Photography Tips & Tricks

The title should really be : what's in the bag and what's in the head. Some notes on the work before the picture is taken, vision, technique and equipment.

Green Paradise: click for bigger version

“Not everybody trusts paintings but people believe photographs.”

The more I'm valuing life, the more I'm really looking at the world. For this, concentration and awareness is very important. You have to be here and now to see a situation clearly. It takes time to develop your own style. Transfering your vision into an image which conveys your message is a process of years, rather then days.

Vision is one of the most important attributes an artist needs. Apart from very talented people it needs a lot of training. Even now, after 20 years of photography, I'm still learning.

There aren't any techniques more needed then patience. With this asset you can conquer any difficult situation. To wait for that special light situation or for the animal to move just a bit more to this or that direction ... patience is the answer.

Anticipating for these moments is also very important. Trying to visualize what a certain situation will look like with different variables. And not to be satisfied with that first shot.

Usually, with a little more effort, it can become better with different composition or from another angle. Walk around your subject if possible. And when nothing works at that moment, just remember the situation and come back another time.

Another thing which is often overseen, is to return often to a scene you would like to capture. Every minute conditions change, so every other day or even hour you can capture a totally different picture at exactly the same place. This to vital to ‘grow’ into a scene and be able to find the right conditions for that particalur situation.

Lately I'm learning to use filters more efficiently. Especially in low light situations with high contrast, NDG (neutral density gradient) filters prove to be of enormous artistic value. See my latest work for some examples.

Green Paradise: click for bigger version

“A closer view can be the door to a broader world.”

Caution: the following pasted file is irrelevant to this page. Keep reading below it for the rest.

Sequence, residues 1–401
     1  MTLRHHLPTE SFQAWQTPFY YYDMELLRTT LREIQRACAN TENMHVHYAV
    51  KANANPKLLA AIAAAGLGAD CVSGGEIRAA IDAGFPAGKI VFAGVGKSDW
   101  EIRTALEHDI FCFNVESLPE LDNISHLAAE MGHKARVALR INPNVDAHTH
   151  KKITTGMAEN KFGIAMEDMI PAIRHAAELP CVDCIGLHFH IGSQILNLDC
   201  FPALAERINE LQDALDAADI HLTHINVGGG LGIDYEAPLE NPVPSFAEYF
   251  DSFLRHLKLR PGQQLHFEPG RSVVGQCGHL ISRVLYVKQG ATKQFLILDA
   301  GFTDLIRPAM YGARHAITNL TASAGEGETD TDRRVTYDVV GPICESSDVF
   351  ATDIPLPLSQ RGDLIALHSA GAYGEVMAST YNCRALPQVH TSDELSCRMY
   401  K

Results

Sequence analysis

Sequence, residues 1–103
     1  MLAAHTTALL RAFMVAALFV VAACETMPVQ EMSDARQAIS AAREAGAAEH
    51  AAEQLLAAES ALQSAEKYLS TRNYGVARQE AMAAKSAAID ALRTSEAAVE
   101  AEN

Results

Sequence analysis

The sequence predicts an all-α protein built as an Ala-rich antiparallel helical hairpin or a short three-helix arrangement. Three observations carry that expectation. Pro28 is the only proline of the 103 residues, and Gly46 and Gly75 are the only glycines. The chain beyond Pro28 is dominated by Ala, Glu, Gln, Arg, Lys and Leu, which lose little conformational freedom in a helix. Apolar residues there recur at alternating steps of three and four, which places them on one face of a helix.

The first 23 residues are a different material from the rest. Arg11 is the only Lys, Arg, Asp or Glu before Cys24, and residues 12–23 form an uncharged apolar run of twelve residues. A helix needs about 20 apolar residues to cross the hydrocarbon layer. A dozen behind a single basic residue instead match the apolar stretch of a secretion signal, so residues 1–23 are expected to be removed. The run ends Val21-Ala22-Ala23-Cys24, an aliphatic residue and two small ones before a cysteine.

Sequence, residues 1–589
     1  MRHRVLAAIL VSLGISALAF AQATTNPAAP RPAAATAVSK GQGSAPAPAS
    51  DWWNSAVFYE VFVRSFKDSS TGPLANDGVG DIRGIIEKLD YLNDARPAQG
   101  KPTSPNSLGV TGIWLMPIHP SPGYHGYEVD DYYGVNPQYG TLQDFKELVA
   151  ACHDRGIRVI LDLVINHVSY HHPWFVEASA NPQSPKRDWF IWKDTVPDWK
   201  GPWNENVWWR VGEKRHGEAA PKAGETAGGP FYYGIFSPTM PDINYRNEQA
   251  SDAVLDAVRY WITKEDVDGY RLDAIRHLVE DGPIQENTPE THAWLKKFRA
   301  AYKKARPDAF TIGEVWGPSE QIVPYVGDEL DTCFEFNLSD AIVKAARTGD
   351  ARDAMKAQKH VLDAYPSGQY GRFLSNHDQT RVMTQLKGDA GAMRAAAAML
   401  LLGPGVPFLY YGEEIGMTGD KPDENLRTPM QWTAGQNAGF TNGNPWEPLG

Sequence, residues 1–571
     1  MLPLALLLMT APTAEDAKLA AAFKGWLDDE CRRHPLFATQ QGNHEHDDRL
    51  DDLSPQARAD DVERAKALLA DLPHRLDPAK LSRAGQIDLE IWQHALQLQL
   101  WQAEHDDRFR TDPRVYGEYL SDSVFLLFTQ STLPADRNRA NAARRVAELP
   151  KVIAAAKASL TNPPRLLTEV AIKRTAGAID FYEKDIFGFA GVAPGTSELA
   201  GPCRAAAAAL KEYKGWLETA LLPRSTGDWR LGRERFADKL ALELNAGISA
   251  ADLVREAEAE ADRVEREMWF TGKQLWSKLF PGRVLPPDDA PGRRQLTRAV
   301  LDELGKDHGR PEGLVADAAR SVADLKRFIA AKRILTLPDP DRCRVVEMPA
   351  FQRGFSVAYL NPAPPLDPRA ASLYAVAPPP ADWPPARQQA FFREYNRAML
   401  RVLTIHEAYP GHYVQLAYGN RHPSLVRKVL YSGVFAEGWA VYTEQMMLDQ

I started my 'career' when I was fourteen or so with a Praktica LTL3 and a 50 mm lens. Soon I discovered the macro world and for this I needed more. At that time I was still a very young man with a small amount of pocket money, so I used a magnifying-glass to be able to photograph insects and flowers.

When I was able to afford a better quality of camera and lenses I bought a Nikon FE with a 55mm Nikon macro lens. Wow, now I could really get close to my subjects.

The dark zone
Then, for some years, I did not photograph very much. But in my late twenties I got the 'fever' again and joined an amateur photographers club (fyi: FC'59, Delft, The Netherlands). Until that time I did not know much about the technical quality of an image. In the club I learned which variables were important to get right before taking a picture.

So I started using a tripod, quality film (Fuji Sensia and Velvia), making a strong composition before triggering and taking multiple exposures in difficult lighting circumstances.

Multiple exposures were easy to make with the next generation of camera's. So the new shopping list was a Nikon F-601 with a 35-80 mm F4-5,6 D lens and 70-210mm F4-5,6 D lens. Now, after some years with this new camera I'm very sorry I sold my Nikon FE. No fancy batteries and no plastic and no-nonsense. Just a robust and trustworthy camera.

At the beginning of this year I bought a Nikon TC 201Teleconverter (2x). The bad thing is that exposure time is doubled and the ocular is darker. The good thing is that now I have a better tool to isolate the essence of a situation in landscapes.

In September a Tokina 20-35 mm wide angle zoom followed. This lens showed to be essential to capture special landscape situations and to be able to make compositions which were not possible before.